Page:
When I arrived at the set staging area, I knew that I’d need to eventually get naked (and apply LOTS of sunscreen. We were filming outdoors and there was a heatwave in L.A.), but when the background performers were told that they had to leave everything at the staging area taking only the essentials as we were bused to the actual set, I started freaking out. Was I really doing this? Was I really going to walk around on a set with hundreds of other people wearing nothing but a pair of Birkenstocks? But then I thought 1) it’s a female-heavy set today and 2) film crews have generally seen everything as they sit behind the camera setting up shots, pushing buttons, or getting props. In other words, they could probably care less about my naked butt.
So, wearing nothing but the aforementioned Birkenstocks, my underwear (which I would remove during takes), and a thin robe I’d brought from home, and carrying nothing but a water bottle, I got in the van to set. Having my boob poke out from behind the robe in a van packed with people already had me feeling pretty damn adventurous.
When I got to set, there was a flurry of activity as the crew finished setting up the “Idyllwild Womyn’s Music Festival” a fictional version of the now-defunct Michigan Womyn’s Music Festival which ended this year after notoriously having a “womyn-born-womyn” guideline that excluded trans women in practice if not in theory. And so the episode of which I was a part, Episode 9 – “Man on the Land,” examines that and how it affects Maura and those with whom she interacts.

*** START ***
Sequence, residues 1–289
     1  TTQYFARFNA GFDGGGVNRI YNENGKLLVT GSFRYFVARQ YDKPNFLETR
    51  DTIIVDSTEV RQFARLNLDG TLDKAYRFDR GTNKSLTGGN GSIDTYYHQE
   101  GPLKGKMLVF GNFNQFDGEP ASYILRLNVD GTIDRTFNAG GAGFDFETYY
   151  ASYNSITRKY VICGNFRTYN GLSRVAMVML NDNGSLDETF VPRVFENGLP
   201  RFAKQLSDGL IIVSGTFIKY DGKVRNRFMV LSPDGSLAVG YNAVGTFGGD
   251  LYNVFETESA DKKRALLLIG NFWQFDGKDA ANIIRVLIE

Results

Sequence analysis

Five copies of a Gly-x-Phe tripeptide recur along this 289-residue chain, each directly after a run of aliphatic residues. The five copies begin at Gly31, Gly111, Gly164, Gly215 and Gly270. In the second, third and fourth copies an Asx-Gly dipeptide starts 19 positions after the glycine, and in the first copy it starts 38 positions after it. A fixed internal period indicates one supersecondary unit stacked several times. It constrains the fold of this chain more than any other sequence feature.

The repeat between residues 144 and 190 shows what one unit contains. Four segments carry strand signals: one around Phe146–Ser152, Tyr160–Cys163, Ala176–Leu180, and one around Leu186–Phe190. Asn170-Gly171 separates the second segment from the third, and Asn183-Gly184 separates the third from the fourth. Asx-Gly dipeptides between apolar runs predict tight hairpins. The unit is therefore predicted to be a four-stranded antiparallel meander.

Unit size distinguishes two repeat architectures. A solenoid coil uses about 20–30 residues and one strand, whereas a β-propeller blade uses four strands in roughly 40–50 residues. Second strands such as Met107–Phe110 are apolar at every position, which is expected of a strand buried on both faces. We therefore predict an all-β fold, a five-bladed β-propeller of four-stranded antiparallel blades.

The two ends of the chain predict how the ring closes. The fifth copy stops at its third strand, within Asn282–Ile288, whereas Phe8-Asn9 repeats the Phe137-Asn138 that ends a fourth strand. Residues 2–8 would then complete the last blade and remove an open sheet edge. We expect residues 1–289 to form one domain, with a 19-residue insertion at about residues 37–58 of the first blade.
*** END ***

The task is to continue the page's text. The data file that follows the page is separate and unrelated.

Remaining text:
When I got there, the Assistant Director announced that they were looking for a background performer willing to be naked for a featured bit, and my hand shot up. My hand totally didn’t ask my nerves permission, however. And as I made my way over to where willing participants were being “auditioned,” I continually asked myself what the hell I was thinking.
They needed a Nicotine Patch Woman. When the women of the Pfefferman family arrive at the womyn’s festival, a woman crosses their path wearing nothing but a nicotine patch and sandals was supposed to walk past them, and Gaby Hoffmann’s Ali Pfefferman says “Nicotine patch as accessory. I like it!” So me and a couple of the other nude-willing ladies stood in front of Jill Soloway and were asked to turn around and show our bare backs. Now, I guess I’m an overachiever or whatever, because at this point, I took everything off to ensure that she could make an informed decision. (Also, I legit thought that’s what I was supposed to do). She and the other crew members she was with were like “Whoa! Didn’t need you to show us all that, but I love your enthusiasm. You’re up.”
Wait. So, did I just really wanna be naked in front of hundreds of people? Maybe I wasn’t as shy or nervous as I kept telling myself I was, because my body kept doing other stuff, like volunteering and dropping trou.
As I stood waiting for my “bit,” the other, not nude-willing ladies around me kept telling me how “brave” I was. And I wasn’t quite sure how to take that. A part of me was angry, like Oh, because I’m a fat girl, taking my clothes off in front of people is an act of bravery?! How dare you! But then I realized that it was mostly thin women saying this. In other words, they were calling me brave, because they didn’t feel brave. So maybe I was. I didn’t know. I really wasn’t thinking about it that hard. I was just throwing myself into something I don’t ordinarily do just to see what would happen. It was an experiment. Is that bravery? Or stupidity? Or both?